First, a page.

economics of aging, the datasets listed above, among others, may also be
relevant to other areas in the behavioral and social sciences.  For such
programmatic information, contact staff listed under INQUIRIES.

The National Institute on Aging may modify the selected topic areas
periodically by reissuing this Program Announcement.  Information on other
initiatives supported by NIA may be found at the following internet address:


Applications are to be submitted on grant application form PHS 398 (rev. 4/98)
and prepared according to the directions in the application packet, with the
exceptions noted below.  Applications will be accepted on or before the
receipt dates indicated in the application kit.  Only one Small Grant
application may be submitted by a principal investigator per receipt date. 
Applicants may not submit other research project grant applications on the
same topic concurrent (to be considered at the same review cycle) with the
submission of a Small Grant application.

Application kits are available at most institutional offices of sponsored
research and may be obtained from the Division of Extramural Outreach and
Information Resources, National Institutes of Health, 6701 Rockledge Drive,
MSC 7910, Bethesda, MD 20892-7910, Phone (301) 710-0267, Email: 
GRANTSINFO@NIH.GOV. Applications are also available on the internet at . On the face page of the
AGING."  Check the "YES" box.

Research plan: Do not exceed a total of eight pages for the following parts
(a-d): Specific aims, Background and Significance, Progress Report/Preliminary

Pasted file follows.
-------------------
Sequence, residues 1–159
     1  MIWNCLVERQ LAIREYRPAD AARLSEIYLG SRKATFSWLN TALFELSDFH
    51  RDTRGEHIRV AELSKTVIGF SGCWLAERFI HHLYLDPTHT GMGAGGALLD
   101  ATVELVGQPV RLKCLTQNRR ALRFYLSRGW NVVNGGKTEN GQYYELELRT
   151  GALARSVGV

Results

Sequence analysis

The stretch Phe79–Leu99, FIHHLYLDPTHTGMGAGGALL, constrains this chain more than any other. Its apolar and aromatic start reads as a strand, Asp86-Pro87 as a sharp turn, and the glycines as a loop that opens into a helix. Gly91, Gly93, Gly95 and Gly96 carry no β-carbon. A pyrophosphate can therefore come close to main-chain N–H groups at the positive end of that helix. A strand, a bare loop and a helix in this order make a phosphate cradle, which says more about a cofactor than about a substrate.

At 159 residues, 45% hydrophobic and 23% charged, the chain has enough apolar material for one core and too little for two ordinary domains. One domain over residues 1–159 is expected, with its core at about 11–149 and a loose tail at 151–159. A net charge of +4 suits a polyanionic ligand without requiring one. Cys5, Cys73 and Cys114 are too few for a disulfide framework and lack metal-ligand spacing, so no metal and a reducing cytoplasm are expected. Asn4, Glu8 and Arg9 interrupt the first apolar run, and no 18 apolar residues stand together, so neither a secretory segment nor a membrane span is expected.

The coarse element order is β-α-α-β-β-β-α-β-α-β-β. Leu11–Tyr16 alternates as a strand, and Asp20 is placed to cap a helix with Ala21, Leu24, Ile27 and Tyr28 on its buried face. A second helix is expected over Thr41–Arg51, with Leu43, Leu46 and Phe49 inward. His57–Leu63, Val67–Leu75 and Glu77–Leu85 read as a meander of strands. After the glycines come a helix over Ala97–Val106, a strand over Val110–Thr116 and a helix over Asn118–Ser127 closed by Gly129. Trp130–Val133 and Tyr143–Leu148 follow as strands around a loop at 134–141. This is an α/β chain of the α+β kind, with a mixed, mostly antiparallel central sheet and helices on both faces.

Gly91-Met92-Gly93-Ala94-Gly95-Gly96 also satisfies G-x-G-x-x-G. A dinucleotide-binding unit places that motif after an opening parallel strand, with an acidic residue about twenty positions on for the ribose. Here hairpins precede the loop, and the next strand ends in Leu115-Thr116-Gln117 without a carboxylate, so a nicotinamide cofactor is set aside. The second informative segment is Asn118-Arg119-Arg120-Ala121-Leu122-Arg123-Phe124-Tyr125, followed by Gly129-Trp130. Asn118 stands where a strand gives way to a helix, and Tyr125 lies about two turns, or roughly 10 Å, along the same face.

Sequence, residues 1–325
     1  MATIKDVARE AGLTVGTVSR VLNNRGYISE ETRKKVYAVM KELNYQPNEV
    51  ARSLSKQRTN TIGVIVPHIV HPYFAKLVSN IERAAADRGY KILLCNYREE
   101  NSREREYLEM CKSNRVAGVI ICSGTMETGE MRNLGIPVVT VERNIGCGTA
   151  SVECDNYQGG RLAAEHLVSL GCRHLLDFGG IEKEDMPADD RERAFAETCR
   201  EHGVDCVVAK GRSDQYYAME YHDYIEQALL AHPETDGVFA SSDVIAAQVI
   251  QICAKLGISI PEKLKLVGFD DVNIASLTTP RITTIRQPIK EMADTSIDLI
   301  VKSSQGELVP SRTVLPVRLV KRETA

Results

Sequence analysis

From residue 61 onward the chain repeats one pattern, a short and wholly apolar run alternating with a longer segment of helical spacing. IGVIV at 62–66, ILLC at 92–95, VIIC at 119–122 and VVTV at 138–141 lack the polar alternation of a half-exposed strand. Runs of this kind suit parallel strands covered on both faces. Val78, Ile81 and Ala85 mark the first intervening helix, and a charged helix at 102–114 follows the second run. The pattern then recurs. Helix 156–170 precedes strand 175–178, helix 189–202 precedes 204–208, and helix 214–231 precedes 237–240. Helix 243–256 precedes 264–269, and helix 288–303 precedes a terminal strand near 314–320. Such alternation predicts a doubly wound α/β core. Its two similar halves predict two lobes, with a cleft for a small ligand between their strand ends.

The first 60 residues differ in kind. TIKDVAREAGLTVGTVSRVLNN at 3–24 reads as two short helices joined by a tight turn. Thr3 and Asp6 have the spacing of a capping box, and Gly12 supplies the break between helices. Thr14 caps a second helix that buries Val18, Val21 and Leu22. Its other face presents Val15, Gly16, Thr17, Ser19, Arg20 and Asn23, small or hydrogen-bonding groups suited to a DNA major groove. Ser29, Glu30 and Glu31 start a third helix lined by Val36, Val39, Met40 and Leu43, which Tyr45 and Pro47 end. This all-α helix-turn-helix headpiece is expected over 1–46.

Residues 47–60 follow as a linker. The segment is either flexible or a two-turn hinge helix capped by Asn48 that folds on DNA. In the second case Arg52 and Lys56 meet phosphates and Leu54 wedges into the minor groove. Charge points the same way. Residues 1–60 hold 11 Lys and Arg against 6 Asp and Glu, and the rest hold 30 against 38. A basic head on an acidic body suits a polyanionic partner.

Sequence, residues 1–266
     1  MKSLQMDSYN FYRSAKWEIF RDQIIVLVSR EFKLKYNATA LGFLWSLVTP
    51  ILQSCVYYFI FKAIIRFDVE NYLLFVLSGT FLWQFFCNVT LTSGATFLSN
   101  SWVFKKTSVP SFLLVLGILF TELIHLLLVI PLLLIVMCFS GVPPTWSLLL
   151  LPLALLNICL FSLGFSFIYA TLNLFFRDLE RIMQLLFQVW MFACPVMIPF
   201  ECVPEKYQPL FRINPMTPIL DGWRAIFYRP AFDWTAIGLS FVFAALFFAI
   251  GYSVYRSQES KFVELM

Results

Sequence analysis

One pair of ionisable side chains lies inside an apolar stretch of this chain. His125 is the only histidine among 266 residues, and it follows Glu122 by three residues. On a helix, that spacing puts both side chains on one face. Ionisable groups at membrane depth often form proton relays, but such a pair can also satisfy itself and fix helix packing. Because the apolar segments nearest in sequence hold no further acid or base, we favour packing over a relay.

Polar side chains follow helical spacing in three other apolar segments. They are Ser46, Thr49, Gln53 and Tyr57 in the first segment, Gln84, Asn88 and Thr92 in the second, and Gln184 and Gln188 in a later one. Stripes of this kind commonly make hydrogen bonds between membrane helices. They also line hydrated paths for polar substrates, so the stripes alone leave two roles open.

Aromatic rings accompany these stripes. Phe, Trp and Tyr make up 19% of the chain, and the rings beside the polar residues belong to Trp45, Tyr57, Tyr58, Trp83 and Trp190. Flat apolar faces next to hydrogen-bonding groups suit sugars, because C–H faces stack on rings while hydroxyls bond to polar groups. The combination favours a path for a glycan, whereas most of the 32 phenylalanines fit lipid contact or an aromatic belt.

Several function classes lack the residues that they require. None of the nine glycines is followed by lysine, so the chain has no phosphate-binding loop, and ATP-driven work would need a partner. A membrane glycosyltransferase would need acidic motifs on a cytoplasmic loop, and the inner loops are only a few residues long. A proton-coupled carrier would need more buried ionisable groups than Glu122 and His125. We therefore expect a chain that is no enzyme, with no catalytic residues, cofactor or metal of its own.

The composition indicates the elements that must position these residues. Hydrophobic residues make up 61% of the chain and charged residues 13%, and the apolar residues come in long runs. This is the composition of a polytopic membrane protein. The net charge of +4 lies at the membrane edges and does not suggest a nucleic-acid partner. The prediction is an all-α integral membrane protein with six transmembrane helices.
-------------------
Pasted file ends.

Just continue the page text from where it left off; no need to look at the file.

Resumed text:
Studies, and Experimental Design and Methods.  Tables and figures are included
in the eight page limitation.  Applications that exceed the page limitation or
PHS requirements for type size and margins (Refer to PHS 398 application for
details) will be returned to the investigator.  The eight page limitation does
not include parts e through i. (Human Subjects, Vertebrate Animals, Literature
Cited, Consortium Arrangements, Consultants).  For amended applications, an
Introduction not exceeding one page is permitted.  No appendix materials are

Submit a signed, typewritten, original of the application, including the
checklist and five signed photocopies in one package to:

BETHESDA, MD 20892-7710
BETHESDA, MD 20817 (for express/courier service)


program will follow modular procedures for application and award (see also  The modular grant
concept establishes specific modules in which direct costs may be requested as
well as a maximum level for requested budgets. Only limited budgetary
information is required under this approach. The just-in-time concept allows
applicants to submit certain information only when there is a possibility for
an award. It is anticipated that these changes will reduce the administrative
burden for the applicants, reviewers and Institute staff. The research grant